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L'industrialisation et les politiques dans le Nord
Projets de recherche en cours (2019-2023)
Supporting sustainable development of community Greenland halibut fisheries in the Eastern Canadian Arctic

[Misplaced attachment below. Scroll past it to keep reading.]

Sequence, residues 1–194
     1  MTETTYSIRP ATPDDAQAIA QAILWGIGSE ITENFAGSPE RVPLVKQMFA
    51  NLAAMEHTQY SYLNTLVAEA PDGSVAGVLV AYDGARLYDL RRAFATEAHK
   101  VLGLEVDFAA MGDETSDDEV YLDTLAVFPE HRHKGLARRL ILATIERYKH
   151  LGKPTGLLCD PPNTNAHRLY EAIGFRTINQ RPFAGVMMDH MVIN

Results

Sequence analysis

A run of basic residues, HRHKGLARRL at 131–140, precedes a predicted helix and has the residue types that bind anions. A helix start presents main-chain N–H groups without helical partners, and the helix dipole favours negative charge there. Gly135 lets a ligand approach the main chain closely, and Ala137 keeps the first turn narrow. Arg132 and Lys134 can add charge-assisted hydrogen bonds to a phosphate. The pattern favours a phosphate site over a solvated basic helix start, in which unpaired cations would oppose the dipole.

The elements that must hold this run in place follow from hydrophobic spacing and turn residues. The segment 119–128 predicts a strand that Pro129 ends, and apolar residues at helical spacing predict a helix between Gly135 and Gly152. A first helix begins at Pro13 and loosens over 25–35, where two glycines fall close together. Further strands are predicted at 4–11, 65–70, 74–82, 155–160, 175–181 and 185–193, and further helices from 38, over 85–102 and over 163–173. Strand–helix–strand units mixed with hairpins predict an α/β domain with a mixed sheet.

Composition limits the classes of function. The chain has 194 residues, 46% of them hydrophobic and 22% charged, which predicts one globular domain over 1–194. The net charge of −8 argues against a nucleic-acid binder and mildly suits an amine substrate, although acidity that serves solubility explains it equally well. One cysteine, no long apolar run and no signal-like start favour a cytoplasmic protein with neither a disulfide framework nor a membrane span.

Global fisheries to date have been overexploited, emphasizing the need for caution in exploiting relatively pristine environments and a precautionary approach to management. The Arctic marine ecosystem hosts some of the globe’s few remaining healthy fisheries, but it is under increasing pressure from fisheries development and climate change. Inuit communities in the North are rapidly growing, raising challenges for Canada’s newest territory to sustainably explore, exploit, and manage new resource opportunities while balancing livelihoods, cultural and health issues with the environment on which they depend. This research program, which builds on extensive work by the project team in the Arctic since 2010, will use data derived from state-of-the-art telemetry technologies to monitor the localized (near four coastal communities) and basin scale (along offshore banks) movements and connectivity patterns of one of the most important commercial fish, Greenland halibut. Coupling these telemetry data with community fisheries surveys, traditional tag recapture data, and unique mobile receiver platforms (narwhal bioprobes, commercial fishing gear, and autonomous vehicles) will allow the development of a novel capture-mark-recapture modelling framework. Derived data will unveil previously unknown movement behaviours of this deep-water species and the developed framework will allow the first estimation of key Greenland halibut demographic parameters to advance management and better understand fisheries allocation strategies. Through equipping mobile and fixed monitoring platforms with an array of ocean sensors combined with historical/current transect data on pelagic zooplankton/fish biomass, the project will also generate abiotic and biotic data to understand the drivers of Greenland halibut and narwhal movements. Overall, this project will generate important information on fish movements that will be pivotal for regional fisheries management, while also monitoring the Baffin Bay narwhal population to improve knowledge on stock size and structure (Research Priority 3) and community harvesting quotas (Research Priority 4) for both species. Given the economic potential and importance of Greenland halibut and the cultural and health importance of narwhal to Northern communities, we anticipate this project will be key for shaping future sustainable management practices of resources in the region. This project continues to build an integrative framework to assist the growth of knowledge from combined telemetry and TEK across the Arctic, and will develop a fisheries modelling framework that is globally relevant.